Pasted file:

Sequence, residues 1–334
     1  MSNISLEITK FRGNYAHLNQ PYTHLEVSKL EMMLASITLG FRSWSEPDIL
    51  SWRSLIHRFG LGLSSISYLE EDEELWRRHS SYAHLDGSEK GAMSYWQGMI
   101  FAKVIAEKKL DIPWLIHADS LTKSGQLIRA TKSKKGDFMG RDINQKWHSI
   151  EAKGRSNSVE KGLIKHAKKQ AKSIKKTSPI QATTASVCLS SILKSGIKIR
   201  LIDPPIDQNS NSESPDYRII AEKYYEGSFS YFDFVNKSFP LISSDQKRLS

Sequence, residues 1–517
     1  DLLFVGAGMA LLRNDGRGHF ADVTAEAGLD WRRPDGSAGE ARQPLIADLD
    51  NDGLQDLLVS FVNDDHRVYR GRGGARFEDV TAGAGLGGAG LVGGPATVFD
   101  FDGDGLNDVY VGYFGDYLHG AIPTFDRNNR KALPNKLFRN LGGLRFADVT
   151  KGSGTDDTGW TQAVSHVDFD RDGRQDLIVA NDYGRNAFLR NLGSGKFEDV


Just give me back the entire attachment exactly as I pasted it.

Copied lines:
Sequence, residues 1–334
     1  MSNISLEITK FRGNYAHLNQ PYTHLEVSKL EMMLASITLG FRSWSEPDIL
    51  SWRSLIHRFG LGLSSISYLE EDEELWRRHS SYAHLDGSEK GAMSYWQGMI
   101  FAKVIAEKKL DIPWLIHADS LTKSGQLIRA TKSKKGDFMG RDINQKWHSI
   151  EAKGRSNSVE KGLIKHAKKQ AKSIKKTSPI QATTASVCLS SILKSGIKIR
   201  LIDPPIDQNS NSESPDYRII AEKYYEGSFS YFDFVNKSFP LISSDQKRLS

Sequence, residues 1–517
     1  DLLFVGAGMA LLRNDGRGHF ADVTAEAGLD WRRPDGSAGE ARQPLIADLD
    51  NDGLQDLLVS FVNDDHRVYR GRGGARFEDV TAGAGLGGAG LVGGPATVFD
   101  FDGDGLNDVY VGYFGDYLHG AIPTFDRNNR KALPNKLFRN LGGLRFADVT
   151  KGSGTDDTGW TQAVSHVDFD RDGRQDLIVA NDYGRNAFLR NLGSGKFEDV